ATTENTION Deficit Hyperactivity Disorder (ADHD) affects more than 800,000 Australians.
That is made up of 280,000 children and 530,000 adults.
But women are often diagnosed later in life because their symptoms and behaviours are not always obvious in young girls.
It's also possible that doctors diagnose girls and young women with other mood disorders such as anxiety or depression rather than ADHD.
Country Women's Association (CWA) Awareness Week, which runs from September 3 to 9, is focusing on increasing awareness around neurodiversity (which includes ADHD, autism, dyslexia and Tourette syndrome), and the challenges those with neurodiverse conditions face, particularly women and children in rural and regional areas of NSW.
Branches from across the NSW and ACT will use the week to highlight the growing number of women who are being diagnosed with ADHD.
Country Women's Association Murray Group secretary Judy Haines said women with neurodiverse conditions often went under the radar.
"A lot of women are diagnosed with ADHD in later life," she said.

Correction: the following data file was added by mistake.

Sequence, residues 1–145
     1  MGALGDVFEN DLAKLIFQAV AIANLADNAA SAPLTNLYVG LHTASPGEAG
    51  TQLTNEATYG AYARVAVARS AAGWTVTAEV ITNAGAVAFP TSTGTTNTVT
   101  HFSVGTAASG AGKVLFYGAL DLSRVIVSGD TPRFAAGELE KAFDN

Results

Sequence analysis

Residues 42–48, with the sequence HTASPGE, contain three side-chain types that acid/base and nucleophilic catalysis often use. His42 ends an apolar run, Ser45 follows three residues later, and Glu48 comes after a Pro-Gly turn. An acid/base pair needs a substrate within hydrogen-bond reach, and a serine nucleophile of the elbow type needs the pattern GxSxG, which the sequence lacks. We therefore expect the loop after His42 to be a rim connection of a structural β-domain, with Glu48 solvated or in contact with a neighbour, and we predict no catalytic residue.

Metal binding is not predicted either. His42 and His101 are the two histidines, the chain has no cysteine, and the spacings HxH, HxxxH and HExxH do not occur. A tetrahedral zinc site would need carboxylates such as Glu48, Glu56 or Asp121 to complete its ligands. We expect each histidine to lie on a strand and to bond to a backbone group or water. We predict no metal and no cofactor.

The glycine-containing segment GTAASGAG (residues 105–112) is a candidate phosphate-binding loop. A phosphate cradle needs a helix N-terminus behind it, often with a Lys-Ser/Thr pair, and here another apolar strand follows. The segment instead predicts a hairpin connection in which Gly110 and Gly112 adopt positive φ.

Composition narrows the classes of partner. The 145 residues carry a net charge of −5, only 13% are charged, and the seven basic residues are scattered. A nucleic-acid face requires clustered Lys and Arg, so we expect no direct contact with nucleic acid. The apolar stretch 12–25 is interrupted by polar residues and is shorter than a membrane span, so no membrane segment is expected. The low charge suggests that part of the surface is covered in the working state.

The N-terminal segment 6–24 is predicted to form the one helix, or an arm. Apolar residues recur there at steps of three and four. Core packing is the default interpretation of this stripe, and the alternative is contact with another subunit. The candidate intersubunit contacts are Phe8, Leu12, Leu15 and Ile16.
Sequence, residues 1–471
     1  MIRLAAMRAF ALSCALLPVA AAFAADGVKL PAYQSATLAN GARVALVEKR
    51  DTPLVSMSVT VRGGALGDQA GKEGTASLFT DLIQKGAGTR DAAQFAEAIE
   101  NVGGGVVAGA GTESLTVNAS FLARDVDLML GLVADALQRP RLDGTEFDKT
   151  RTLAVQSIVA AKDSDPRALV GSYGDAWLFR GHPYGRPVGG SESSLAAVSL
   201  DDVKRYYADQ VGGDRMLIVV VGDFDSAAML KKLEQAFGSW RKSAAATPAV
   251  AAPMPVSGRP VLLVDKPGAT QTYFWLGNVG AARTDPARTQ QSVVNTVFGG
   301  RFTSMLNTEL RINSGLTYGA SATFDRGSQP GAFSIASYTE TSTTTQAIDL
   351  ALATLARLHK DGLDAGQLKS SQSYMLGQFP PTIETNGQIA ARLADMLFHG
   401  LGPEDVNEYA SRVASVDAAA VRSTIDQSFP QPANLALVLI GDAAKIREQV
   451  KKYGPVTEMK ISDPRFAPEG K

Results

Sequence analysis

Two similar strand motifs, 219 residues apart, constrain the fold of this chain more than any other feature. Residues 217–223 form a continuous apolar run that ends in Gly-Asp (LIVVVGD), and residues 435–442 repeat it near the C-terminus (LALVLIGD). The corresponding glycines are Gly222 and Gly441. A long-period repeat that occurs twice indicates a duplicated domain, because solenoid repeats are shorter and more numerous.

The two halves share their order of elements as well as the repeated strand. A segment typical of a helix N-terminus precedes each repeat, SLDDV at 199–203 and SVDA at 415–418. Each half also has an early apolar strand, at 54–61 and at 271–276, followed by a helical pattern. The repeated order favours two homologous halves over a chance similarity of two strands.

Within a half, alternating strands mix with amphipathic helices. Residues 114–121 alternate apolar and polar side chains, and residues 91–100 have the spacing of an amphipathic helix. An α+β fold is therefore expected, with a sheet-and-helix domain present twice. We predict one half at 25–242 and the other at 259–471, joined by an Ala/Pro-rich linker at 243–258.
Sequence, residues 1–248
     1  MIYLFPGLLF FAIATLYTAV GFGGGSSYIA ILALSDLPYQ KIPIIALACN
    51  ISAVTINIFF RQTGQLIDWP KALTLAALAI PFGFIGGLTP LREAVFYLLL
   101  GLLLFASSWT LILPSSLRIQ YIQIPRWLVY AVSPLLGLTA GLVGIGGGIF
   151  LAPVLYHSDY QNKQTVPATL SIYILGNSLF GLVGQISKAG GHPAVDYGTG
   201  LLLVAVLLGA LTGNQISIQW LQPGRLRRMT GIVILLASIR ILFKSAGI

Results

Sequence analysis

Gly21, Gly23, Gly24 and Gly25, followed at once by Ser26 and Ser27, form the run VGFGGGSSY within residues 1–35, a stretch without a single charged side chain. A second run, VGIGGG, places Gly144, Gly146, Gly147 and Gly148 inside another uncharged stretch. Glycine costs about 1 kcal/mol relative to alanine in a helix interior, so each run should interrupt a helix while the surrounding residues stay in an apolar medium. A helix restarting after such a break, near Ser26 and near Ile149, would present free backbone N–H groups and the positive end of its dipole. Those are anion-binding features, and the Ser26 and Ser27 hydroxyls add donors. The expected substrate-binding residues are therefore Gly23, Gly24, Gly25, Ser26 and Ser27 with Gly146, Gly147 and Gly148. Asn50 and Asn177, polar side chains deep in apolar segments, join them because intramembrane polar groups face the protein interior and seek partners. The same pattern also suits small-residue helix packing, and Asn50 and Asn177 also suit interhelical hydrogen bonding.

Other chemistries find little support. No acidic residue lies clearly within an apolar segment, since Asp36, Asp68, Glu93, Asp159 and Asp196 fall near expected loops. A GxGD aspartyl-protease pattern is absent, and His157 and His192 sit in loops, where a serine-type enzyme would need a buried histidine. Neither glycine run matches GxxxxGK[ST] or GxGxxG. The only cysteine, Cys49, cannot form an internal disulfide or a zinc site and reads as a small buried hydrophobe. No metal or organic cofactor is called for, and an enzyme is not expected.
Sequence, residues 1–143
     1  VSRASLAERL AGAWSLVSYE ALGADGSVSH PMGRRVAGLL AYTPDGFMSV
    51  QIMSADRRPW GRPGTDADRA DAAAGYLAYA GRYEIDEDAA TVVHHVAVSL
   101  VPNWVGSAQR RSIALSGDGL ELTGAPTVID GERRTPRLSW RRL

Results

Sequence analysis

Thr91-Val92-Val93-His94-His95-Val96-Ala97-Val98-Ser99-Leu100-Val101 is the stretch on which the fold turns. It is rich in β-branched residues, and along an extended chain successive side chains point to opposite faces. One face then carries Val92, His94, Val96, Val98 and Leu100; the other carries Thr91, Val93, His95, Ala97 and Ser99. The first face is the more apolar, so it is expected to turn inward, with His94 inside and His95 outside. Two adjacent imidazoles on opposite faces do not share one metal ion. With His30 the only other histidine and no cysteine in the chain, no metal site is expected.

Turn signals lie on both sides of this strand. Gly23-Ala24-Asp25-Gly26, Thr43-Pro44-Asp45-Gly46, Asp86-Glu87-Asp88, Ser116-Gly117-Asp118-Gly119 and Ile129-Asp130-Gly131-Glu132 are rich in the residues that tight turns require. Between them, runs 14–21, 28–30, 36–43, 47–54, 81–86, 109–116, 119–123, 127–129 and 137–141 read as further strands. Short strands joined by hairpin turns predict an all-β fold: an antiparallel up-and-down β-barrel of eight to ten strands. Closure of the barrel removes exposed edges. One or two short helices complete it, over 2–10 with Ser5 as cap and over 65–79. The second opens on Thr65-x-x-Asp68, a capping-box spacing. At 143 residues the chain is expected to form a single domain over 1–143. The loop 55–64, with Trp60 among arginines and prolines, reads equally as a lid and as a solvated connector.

"Young boys are normally diagnosed with ADHD at school while girls slip under the radar.
"Women are often just getting by managing their family and life and don't seek help."
CWA Murray Group - which includes eight branches - set up a stall at Bunnings Albury on Friday, September 8, to highlight neurodiverse conditions.
Ms Haines said CWA was much more than a baking fraternity.
She said CWA highlighted social issues every year during Awareness Week.
"Neurodiversity is the unique way people's brains work," Ms Haines said.
"We have highlighted domestic violence and other important issues each year.
"We're about much more than just baking scones."
The CWA annual state conference in May carried resolutions related to the constitution, agriculture and environment, health and social security, education, transport and telecommunications.
Among them, it asked governments to investigate ways to increase accessibility to and reduce the cost of diagnosing and treating ADHD.
It also advocated for the sponsorship of international nurses to relocate to regional and remote areas of NSW with support to undertake their registration.
It pushed for the shingles vaccination be made available to people over 70 and immunocompromised adults through the Pharmaceutical Benefits Scheme (PBS) and National Immunisation Program.
Albury Evening CWA Branch meets at its Kiewa Street headquarters on the fourth Wednesday of the month at 7pm.
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